Lowe’s built the store, but during the one-year inspection Lowe’s discovered a settlement problem that would likely cause worsening foundation failure and continued wall movement. Lowe’s notified THF of the issue on April 20, 2003. THF then notified CLT of the problem and hired them again to determine the cause of the settlement. CLT investigated and determined the problem was unrelated to the construction of the building pad and was likely caused by an external force. THF sent the findings to Lowe’s on March 20, 2005.

After eight months without a response from Lowe’s, THF sent another letter saying it presumed Lowe’s lack of response meant Lowe’s was in agreement with the findings in the report. After almost two years had passed, Lowe’s sent a letter to THF stating the delay in response was due to its own engineers investigating the issues. Lowe’s engineers ultimately determined the soil failures were a latent defect to which THF’s extended warranty applied and subsequently put THF on notice of the claims. On April 26, 2012, over nine years since becoming aware of the issue, Lowe’s filed suit.
In June 2012, THF notified its insurers St. Paul Mercury Insurance Co. and National Surety Corp. about the lawsuit and two years later, in 2014, the Insurers moved for a declaratory judgment seeking a determination by the court regarding of the existence of coverage. The Northern District of West Virginia determined THF was not entitled to coverage due to its delay in notifying the insurers of the potential claims.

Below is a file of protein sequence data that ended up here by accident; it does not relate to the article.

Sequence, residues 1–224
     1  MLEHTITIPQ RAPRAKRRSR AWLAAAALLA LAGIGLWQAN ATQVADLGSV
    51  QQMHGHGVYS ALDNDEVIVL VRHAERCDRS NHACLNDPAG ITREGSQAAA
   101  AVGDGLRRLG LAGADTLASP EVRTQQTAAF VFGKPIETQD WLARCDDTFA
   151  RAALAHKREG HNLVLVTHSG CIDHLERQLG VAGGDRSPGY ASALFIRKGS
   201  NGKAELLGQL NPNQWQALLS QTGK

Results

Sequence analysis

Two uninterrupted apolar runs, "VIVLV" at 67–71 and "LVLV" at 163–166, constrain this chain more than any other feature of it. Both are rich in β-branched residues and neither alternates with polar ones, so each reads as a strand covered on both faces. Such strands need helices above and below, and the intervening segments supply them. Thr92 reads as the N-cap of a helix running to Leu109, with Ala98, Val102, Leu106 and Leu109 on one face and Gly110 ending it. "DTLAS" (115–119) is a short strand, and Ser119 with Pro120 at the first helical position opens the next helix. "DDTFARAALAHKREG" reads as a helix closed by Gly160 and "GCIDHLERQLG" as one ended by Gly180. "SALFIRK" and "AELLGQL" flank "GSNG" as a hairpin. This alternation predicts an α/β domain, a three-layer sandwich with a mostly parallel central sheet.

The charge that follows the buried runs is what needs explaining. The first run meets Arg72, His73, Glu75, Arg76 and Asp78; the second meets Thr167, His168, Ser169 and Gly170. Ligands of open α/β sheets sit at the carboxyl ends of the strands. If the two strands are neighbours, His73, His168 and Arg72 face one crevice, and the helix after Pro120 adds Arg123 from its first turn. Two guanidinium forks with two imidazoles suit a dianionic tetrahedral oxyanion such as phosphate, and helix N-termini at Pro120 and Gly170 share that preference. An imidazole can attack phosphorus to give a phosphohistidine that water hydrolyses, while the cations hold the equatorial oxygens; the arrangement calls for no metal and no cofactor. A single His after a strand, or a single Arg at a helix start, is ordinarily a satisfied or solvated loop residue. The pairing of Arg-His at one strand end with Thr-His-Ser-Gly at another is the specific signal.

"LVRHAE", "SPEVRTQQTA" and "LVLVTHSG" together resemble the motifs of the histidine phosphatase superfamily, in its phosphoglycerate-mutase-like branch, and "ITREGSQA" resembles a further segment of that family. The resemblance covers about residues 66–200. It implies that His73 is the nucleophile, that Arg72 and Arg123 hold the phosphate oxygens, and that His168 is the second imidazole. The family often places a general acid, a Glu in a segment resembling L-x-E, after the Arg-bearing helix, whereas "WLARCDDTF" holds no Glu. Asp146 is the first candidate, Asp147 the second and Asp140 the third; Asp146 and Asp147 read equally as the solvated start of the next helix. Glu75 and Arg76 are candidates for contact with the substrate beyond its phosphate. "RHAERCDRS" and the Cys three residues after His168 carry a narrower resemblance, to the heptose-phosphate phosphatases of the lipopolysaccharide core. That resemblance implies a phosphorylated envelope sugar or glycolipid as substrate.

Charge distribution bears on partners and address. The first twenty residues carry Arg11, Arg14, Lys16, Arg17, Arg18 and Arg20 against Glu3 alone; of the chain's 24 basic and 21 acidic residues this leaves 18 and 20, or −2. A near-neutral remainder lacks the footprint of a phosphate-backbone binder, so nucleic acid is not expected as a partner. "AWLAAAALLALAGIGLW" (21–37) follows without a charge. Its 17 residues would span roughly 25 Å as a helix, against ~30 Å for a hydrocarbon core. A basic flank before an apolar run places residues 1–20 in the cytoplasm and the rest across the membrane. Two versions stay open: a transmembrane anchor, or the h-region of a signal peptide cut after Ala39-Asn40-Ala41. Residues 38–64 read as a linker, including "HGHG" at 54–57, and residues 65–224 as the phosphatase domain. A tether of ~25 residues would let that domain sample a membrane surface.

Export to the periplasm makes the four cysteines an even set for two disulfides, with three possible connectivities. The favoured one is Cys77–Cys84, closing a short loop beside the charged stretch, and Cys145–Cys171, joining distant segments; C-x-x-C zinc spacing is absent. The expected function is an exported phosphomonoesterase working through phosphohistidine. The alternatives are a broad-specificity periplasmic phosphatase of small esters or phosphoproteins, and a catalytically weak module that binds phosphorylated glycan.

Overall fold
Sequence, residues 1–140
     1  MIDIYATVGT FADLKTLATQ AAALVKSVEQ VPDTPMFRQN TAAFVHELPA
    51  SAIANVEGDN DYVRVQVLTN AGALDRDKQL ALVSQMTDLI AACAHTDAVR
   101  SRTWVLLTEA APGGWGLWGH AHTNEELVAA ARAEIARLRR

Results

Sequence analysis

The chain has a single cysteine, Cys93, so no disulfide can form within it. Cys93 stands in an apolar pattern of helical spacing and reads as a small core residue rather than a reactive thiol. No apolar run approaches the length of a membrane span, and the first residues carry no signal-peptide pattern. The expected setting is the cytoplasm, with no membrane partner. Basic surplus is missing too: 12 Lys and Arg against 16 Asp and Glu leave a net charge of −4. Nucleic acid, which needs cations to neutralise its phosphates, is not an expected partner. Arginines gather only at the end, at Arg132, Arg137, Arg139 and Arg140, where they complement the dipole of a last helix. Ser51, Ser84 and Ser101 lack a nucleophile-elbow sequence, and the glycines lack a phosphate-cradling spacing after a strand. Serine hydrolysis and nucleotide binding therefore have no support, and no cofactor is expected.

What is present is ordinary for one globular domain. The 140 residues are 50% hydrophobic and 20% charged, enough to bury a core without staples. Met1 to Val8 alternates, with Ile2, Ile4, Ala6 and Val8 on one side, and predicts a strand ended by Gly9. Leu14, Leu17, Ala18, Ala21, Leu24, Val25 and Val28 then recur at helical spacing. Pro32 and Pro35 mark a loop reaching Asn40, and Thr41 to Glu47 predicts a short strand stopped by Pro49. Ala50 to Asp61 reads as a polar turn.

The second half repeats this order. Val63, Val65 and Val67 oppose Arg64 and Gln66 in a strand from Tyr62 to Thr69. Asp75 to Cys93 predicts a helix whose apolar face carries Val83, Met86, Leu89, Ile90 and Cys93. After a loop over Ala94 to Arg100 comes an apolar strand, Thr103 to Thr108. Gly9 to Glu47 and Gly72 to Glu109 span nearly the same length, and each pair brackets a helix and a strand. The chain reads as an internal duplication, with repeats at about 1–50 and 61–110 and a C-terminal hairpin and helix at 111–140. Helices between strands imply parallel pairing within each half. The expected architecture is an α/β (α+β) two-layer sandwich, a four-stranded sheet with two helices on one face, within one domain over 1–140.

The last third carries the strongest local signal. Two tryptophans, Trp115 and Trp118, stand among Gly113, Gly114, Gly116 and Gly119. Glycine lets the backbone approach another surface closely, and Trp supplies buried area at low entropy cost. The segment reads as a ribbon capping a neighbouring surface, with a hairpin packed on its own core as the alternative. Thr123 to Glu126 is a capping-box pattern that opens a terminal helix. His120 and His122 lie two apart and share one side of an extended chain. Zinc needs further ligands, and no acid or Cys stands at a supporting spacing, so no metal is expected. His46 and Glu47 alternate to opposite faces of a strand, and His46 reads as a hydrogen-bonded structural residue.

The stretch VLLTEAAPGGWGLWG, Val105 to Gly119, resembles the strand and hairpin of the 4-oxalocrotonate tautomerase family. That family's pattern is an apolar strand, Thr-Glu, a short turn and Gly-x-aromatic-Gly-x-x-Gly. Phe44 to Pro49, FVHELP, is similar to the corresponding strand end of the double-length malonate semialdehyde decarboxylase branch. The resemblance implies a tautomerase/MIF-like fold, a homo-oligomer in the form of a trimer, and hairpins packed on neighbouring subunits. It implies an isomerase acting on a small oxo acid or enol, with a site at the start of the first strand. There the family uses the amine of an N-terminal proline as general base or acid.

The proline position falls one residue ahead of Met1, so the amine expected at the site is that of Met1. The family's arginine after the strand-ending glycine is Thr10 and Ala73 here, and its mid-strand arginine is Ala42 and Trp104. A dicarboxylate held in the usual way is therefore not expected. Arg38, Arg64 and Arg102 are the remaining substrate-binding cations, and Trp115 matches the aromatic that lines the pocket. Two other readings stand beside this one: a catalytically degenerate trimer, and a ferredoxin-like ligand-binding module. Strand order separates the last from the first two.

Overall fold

The court determined the delay in notice prejudiced the insurers as a matter of law because West Virginia’s 10-year statute of repose would bar the insurers from asserting claims against the subcontractors. The court upheld the district court’s ruling in favor of St. Paul Mercury Insurance Co. and National Surety Corp. and against THF.

This case is a hard lesson of which developers, builders, design professionals, and contractors should take note. Whenever there is the existence of even a potential claim, the insurance carrier must be notified as soon as possible to avoid prejudice to the carrier. Even if the claims appear to be unrelated to a construction entity’s scope of work, allowing the Insurer to have the relevant information to determine liability could have a huge impact on the Insured as in the instant case. Finally, this case reinforces the ever-present need by attorneys and insurance carriers to determine relevant dates during construction and delivery to avoid issues related to statute of limitation and statute of repose in construction defect cases.